moreland.jpg

It’s been more than a month since Florida resident Steve Horrigan was arrested on felony wiretapping charges for video recording police in public, but the North Port Police Department has yet to return his cell phone.

In fact, the Sarasota County State Attorney’s Office hasn’t even bothered to formally charge him with a crime.

Instead, Horrigan’s case remains in legal limbo, preventing him from moving forward with a much-deserved lawsuit.

Horrigan was also charged with misdemeanor resisting arrest without violence, which is the usual tack-on charge in Florida when you’ve pissed off the cops.

That means the state attorney has more than a month to do nothing with that case. Under Florida law, a defendant arrested for a misdemeanor must be tried within 90 days of the arrest and within 175 days of a felony arrest.

And since it’s been less than 50 days since his January 25 arrest, he might as well be patient.

On Sunday, the Sarasota Herald-Tribune ran a lengthy, in-depth article about Horrigan’s case and the ongoing battle between police and citizens with cameras.

Although the reporter did a great job with multi-faceted reporting, he fell into the same trap that most corporate journalists do and failed to call a spade a spade.

Rather, he failed to just come out and say that police had no legal basis to arrest Horrigan because they had no expectation of privacy. The law is very clear on that.

The four cases I’ve covered on this blog where Florida residents were arrested for video recording cops in public all ended up quickly dismissed. This one should not be any different.

Yet the reporter allowed the cops to get away with this tidbit.

North Port Police Capt. Robert Estrada, who says he has not seen Horrigan’s video, says his officers are guided by Florida statutes prohibiting audio recording of face-to-face conversations without mutual consent. Even though police at the scene were operating in a public place, where there is no expectation of privacy, Estrada says Horrigan crossed the line when his camera eavesdropped on a confidential conversation between officers after being ordered to stop.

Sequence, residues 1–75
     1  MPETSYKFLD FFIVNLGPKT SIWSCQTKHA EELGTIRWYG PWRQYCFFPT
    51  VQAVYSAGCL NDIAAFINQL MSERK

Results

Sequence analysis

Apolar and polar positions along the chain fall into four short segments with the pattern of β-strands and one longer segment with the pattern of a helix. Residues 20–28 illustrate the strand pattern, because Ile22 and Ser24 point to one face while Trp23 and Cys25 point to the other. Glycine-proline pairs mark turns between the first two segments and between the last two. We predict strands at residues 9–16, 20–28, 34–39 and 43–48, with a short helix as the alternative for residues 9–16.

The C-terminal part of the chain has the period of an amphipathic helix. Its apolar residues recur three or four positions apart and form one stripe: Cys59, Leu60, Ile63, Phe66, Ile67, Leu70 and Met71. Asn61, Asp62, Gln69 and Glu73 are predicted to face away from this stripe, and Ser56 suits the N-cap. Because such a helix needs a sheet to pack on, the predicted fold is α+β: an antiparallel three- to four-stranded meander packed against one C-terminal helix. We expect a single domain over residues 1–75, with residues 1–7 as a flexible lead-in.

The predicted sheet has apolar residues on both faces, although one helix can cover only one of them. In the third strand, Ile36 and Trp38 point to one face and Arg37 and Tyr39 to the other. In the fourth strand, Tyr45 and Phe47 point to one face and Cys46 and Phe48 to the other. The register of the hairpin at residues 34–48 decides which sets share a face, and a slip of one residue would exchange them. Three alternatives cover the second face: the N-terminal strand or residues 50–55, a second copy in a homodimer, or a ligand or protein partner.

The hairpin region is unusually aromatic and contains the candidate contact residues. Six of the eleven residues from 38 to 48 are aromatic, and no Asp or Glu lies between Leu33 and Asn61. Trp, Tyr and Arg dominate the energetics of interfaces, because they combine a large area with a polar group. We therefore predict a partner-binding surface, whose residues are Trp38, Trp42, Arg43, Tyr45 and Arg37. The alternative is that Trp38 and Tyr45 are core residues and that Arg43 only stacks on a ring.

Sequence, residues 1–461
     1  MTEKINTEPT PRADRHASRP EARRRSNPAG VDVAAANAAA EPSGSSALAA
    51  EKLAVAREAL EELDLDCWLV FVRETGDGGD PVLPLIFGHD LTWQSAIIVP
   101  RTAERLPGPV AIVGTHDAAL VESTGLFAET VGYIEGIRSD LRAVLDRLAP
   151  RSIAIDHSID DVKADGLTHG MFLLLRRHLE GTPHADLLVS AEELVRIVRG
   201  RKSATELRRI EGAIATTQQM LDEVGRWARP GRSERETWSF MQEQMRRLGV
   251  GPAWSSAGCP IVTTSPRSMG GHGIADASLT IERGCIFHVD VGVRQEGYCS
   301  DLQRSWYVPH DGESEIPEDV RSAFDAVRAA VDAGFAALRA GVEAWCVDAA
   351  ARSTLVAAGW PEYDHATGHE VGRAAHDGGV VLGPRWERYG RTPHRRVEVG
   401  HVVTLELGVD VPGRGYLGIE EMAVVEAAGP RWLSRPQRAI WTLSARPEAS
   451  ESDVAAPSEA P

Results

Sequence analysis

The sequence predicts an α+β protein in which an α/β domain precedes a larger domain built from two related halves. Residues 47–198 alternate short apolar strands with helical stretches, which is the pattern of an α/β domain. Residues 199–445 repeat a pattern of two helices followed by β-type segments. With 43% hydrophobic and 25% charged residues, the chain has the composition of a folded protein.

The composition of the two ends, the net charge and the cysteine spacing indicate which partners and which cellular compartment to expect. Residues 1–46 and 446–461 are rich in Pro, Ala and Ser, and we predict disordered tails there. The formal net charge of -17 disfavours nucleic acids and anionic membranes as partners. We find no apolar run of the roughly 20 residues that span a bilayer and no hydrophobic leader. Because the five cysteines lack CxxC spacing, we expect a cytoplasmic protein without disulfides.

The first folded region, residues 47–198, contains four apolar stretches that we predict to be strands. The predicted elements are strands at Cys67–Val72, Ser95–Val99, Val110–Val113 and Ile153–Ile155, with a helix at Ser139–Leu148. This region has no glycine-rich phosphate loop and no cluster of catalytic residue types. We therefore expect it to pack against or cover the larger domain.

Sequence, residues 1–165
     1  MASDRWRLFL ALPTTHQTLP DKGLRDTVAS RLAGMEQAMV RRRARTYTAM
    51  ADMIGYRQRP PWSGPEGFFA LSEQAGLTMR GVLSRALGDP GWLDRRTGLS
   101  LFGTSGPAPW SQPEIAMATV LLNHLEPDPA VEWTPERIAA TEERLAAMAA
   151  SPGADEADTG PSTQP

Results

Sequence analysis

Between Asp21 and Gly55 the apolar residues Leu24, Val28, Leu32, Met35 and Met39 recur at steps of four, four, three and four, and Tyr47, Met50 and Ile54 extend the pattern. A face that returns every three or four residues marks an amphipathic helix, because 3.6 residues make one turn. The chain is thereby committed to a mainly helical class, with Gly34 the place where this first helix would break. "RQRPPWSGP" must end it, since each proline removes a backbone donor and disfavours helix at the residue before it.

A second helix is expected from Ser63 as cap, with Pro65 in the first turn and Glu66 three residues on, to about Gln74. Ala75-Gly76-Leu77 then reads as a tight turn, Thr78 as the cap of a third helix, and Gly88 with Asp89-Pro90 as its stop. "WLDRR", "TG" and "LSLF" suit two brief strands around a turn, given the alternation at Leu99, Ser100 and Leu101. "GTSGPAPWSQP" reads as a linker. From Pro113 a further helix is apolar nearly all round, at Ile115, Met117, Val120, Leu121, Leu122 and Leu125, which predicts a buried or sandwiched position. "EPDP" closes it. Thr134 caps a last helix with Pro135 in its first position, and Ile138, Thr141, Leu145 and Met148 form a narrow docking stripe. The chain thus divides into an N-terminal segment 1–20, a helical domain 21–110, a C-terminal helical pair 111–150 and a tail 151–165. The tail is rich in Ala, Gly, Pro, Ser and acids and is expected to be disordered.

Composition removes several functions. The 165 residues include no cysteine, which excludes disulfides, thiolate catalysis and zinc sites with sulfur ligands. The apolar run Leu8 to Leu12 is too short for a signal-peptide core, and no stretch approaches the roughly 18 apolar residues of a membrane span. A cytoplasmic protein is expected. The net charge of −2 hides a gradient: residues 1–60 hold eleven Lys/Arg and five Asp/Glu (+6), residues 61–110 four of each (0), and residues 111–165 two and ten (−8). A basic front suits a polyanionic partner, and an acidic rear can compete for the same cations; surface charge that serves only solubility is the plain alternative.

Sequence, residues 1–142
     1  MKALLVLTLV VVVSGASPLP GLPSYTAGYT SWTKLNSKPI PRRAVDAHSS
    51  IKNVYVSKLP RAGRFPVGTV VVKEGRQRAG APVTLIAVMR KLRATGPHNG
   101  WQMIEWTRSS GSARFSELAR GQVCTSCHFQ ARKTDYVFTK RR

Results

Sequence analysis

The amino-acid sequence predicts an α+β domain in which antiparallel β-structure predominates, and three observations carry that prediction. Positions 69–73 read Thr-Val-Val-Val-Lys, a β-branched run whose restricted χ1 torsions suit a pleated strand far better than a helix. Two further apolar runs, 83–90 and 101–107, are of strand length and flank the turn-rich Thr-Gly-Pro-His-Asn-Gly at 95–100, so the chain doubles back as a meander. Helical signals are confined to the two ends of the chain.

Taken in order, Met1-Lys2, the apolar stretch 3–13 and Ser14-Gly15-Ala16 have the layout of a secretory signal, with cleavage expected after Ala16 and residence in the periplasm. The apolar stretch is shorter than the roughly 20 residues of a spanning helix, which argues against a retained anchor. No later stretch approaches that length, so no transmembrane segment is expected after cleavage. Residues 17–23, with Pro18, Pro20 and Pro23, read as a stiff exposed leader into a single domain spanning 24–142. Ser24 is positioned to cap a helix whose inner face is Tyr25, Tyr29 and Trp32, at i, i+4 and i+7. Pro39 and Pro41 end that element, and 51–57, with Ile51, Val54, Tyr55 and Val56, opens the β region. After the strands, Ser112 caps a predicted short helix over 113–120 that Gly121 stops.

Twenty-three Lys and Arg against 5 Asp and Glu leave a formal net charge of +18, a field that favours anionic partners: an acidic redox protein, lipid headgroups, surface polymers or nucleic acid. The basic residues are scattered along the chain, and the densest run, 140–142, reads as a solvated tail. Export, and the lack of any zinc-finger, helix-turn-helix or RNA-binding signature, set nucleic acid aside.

“If the officers there were yelling to each other loud enough for everyone to hear, that would obviously not constitute a personal conversation,” he says. Estrada added that Horrigan was arrested because police did not consent to be recorded, and that they had to divert their attention from the traffic stop to confront Horrigan.

“It is a gray area, I don’t know,” Estrada conceded. “It’s up to the courts to decide.”

Horrigan says the law is black and white.

It is not just Horrigan saying the law is black and white. It is countless prosecutors from Florida and in other states whose wiretapping laws are similar.

It is pretty obvious by reading the actual law.

So the reporter should have just come out and say it rather than just let Horrigan say it because this gives all those cop apologists a false leg to stand on.

I’m also curious as to how Estrada can say with certainty that Horrigan “eavesdropped on a confidential conversation” if he has not seen the most vital piece of evidence in this case, not that I believe for a second he has not seen the video.

Horrigan has his own theory as to why he was arrested and it has nothing to do with confidential conversations.

This is how he explained it in an email to Photography is Not a Crime:

The two guys who they stopped in the car that I was recording are fighting their charges, even though they are pretty minor. Both are 2nd degree misdemeanors, so I’ll be going to their hearings to see what’s up with that. It’s pretty egregious that the cops arrested both of these guys even though there were two pre-toddlers in the back seat. Those poor kids were probably terrified. They had to wait for a family member to get there to take the kids home, otherwise they would have called the children services. I was in handcuffs in the police car before they arrested the two brothers so I couldn’t get that recorded. That is probably why they nicked me, so that I wouldn’t have been able to record the screaming kids in the back seat after arresting Dad for driving on a restricted license.   These cops have no shame at all. Protect and serve.